Maximum cardinality resonant sets and maximal alternating sets of hexagonal systems
"... It is shown that the Clar number can be arbitrarily larger than the cardinality of a maximal alternating set. In particular, a maximal alternating set of a hexagonal system need not contain a maximum cardinality resonant set, thus disproving a previously stated conjecture. It is known that maximum c ..."
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Cited by 1 (0 self)
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It is shown that the Clar number can be arbitrarily larger than the cardinality of a maximal alternating set. In particular, a maximal alternating set of a hexagonal system need not contain a maximum cardinality resonant set, thus disproving a previously stated conjecture. It is known that maximum cardinality resonant sets and maximal alternating sets are canonical, but the proofs of these two theorems are analogous and lengthy. A new conjecture is proposed and it is shown that the validity of the conjecture allows short proofs of the aforementioned two results. The conjecture holds for catacondensed hexagonal systems and for all normal hexagonal systems up to ten hexagons. Also, it is shown that the Fries number can be arbitrarily larger than the Clar number.
Computing Large Matchings in Planar Graphs with Fixed Minimum Degree
, 2009
"... In this paper we present algorithms that compute large matchings in planar graphs with fixed minimum degree. The algorithms give a guarantee on the size of the computed matching and run in linear time. Thus they are faster than the best known algorithm for computing maximum matchings in general grap ..."
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In this paper we present algorithms that compute large matchings in planar graphs with fixed minimum degree. The algorithms give a guarantee on the size of the computed matching and run in linear time. Thus they are faster than the best known algorithm for computing maximum matchings in general graphs and in planar graphs, which run in O ( √ nm) and O(n 1.188) time, respectively. For the class of planar graphs with minimum degree 3 the bounds we achieve are known to be best possible. Further, we discuss how minimum degree 5 can be used to obtain stronger bounds on the matching size.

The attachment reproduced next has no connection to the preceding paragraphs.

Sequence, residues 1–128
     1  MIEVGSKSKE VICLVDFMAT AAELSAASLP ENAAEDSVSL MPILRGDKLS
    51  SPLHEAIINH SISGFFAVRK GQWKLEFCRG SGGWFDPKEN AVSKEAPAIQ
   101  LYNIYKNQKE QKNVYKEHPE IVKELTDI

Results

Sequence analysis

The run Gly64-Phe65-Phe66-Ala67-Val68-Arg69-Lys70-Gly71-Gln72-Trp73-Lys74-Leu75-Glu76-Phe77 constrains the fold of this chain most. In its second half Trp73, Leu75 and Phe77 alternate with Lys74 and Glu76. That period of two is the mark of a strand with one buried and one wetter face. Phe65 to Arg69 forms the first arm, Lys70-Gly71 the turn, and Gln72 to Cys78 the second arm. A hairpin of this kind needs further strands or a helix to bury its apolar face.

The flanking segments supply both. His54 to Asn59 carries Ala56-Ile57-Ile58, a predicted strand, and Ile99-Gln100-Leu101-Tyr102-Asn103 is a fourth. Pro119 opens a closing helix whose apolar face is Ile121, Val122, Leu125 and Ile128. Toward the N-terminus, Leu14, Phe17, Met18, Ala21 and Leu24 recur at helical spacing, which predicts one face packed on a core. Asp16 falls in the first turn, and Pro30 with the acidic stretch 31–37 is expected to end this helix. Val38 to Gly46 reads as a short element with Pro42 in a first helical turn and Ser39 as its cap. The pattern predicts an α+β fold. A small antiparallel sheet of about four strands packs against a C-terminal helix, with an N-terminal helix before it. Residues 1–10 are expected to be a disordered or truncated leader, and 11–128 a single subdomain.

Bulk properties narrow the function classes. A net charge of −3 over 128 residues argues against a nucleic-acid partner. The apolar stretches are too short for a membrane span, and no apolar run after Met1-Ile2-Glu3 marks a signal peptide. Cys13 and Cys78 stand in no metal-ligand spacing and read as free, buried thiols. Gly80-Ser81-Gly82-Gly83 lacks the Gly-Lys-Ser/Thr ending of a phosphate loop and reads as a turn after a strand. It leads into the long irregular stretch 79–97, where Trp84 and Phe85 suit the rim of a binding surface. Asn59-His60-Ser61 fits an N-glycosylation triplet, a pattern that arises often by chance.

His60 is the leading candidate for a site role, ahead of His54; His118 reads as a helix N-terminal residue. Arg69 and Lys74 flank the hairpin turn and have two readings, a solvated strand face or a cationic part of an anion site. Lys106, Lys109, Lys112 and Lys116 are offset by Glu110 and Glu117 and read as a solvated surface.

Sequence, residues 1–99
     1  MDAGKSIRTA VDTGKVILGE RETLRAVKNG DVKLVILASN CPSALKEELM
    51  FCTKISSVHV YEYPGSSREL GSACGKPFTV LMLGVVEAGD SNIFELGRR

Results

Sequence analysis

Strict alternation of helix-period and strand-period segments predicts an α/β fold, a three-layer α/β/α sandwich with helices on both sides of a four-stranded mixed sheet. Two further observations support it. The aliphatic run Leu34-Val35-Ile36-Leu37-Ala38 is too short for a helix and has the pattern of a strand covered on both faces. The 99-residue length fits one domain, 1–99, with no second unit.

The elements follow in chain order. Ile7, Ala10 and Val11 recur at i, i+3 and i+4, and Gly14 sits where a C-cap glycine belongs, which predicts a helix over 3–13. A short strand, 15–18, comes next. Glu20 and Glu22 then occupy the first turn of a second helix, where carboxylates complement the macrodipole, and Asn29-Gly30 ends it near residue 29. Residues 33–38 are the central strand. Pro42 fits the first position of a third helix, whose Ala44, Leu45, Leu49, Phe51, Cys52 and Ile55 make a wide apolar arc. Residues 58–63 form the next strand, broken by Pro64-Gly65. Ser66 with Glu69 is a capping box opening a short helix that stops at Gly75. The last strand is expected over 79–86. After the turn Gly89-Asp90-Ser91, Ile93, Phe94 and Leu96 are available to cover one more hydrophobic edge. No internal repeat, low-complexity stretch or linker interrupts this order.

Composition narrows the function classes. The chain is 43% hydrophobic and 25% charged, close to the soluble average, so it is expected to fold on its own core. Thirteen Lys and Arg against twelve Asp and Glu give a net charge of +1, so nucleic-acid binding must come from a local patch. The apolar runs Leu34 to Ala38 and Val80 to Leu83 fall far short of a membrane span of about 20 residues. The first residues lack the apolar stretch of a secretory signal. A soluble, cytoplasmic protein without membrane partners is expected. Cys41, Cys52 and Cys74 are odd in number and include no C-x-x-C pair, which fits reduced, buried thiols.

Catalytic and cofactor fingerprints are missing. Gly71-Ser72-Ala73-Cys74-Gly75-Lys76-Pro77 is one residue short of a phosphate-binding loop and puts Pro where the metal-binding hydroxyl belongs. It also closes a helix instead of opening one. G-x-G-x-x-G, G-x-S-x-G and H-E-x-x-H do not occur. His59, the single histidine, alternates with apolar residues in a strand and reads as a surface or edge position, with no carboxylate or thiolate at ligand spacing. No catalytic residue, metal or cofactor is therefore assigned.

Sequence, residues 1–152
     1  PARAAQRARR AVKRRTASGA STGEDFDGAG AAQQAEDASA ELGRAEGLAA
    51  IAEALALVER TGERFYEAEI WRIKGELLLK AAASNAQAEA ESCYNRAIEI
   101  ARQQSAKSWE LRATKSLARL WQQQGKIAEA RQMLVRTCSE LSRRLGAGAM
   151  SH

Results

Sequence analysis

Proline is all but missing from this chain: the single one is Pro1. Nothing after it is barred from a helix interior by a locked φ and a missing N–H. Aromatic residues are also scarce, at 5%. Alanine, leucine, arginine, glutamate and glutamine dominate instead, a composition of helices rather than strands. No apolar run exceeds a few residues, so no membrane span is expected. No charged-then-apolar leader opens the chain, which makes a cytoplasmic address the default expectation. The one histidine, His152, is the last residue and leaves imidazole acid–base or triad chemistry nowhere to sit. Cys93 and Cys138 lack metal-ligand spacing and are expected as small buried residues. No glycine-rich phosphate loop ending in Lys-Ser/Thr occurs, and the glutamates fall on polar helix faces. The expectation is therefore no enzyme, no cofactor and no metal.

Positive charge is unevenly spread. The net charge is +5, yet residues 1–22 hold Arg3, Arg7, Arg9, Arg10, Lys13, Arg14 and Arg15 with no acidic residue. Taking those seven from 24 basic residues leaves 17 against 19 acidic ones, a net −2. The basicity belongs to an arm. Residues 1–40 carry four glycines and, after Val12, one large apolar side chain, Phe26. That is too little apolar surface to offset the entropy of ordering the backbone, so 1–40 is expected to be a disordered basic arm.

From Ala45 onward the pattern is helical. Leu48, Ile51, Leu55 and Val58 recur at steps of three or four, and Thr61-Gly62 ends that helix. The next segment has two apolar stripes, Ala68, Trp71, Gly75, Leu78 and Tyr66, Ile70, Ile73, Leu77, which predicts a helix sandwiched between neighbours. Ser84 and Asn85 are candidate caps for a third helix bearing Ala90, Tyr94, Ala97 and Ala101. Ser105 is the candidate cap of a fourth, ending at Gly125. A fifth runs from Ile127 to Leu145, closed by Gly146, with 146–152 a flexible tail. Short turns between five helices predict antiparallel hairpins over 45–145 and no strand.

The Number Of Matchings Of Low Order In Hexagonal Systems
"... . A simple way to calculate the number of kmatchings, k 5, in hexagonal systems is presented. Some relations between the coefficients of the characteristic polynomial of the adjacency matrix of a hexagonal system and the number of matchings are obtained. 1. Introduction A hexagonal system is a 2 ..."
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. A simple way to calculate the number of kmatchings, k 5, in hexagonal systems is presented. Some relations between the coefficients of the characteristic polynomial of the adjacency matrix of a hexagonal system and the number of matchings are obtained. 1. Introduction A hexagonal system is a 2connected plane graph G such that every interior face of G is a regular hexagon. A kmatching (or a matching of order k) of a graph G is a set of k pairwise nonadjacent edges of G. A hexagonal system has only vertices of degree 2 or 3. Note also that each hexagonal system H is a bipartite graph. It is also easy to see that H does not contain cycles of lengths 4; 8. Let G be a hexagonal system. Throughout the paper, n will denote the number of vertices whereas m will stand for the number of edges of G. By A = fa ij g n i;j=1 we will denote the adjacency matrix of G, that is a ij = ae 0; ij = 2 E (G) 1; ij 2 E (G) : Since every hexagonal system is bipartite, coefficients of the characte...